Reflections on Culture

  • Roy D’Andrade
Part of the Culture, Mind, and Society book series (CMAS)


The culture concept has been a continuing source of conceptual difficulties. This chapter begins with some of the failed attempts to address those difficulties, which also cropped up in my own research. Thus, for example, D’Andrade found that a value can be either institutional or personal, leading to the anomalous result that Japanese in my sample, questioned about institutional values, were only slightly higher than Americans on collectivism. Thus, the big differences in cultures are in the interpretation of what-counts-as-what. To appreciate culture, we must first accept the prior assumption that it constitutes a discrete ontological level of collective mental states, above individual mental states. This level, moreover, is a clear case of non-eliminative reductionism; that is, collective mental states can do things that individual mental states cannot. To capture this mix of values, practices, norms, sanctions, institutions, and representations intersubjectively shared by a recognized collectivity, I introduce the notion of lifeworlds. Lifeworlds may or may not conflict, and one can colonize another. In addition are the innate, but culturally shaped, social instincts with which humans are endowed. Culture thus has important causal force, and cannot be omitted from the equation.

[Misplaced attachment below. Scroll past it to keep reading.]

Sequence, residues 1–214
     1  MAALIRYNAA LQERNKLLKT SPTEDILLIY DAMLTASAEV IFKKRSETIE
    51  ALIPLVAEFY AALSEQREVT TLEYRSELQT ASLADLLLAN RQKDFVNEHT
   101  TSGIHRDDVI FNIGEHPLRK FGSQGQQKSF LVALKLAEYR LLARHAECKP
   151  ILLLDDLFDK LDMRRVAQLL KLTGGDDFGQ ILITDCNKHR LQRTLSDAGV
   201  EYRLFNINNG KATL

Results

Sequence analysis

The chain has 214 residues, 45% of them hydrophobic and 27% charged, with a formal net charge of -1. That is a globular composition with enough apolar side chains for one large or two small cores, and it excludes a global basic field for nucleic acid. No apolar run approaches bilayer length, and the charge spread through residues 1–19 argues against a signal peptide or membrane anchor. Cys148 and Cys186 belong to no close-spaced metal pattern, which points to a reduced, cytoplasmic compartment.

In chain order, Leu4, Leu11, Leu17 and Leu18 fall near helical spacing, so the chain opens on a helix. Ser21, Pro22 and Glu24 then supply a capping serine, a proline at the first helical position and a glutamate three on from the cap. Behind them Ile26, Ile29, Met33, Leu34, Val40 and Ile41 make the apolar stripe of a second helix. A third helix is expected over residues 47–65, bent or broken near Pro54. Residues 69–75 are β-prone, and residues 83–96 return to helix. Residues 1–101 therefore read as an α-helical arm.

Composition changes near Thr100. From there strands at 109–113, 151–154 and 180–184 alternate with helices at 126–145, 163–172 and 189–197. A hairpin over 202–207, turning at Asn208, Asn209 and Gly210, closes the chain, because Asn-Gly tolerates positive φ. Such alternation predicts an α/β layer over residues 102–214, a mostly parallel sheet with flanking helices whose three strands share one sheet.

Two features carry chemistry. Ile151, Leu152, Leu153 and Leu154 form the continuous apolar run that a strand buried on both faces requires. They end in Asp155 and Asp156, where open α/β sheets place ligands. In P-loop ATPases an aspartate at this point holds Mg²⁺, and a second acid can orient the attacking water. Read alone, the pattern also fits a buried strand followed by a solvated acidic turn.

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© The Author(s) 2018

Authors and Affiliations

  • Roy D’Andrade
    • 1
  1. 1.El CerritoUSA

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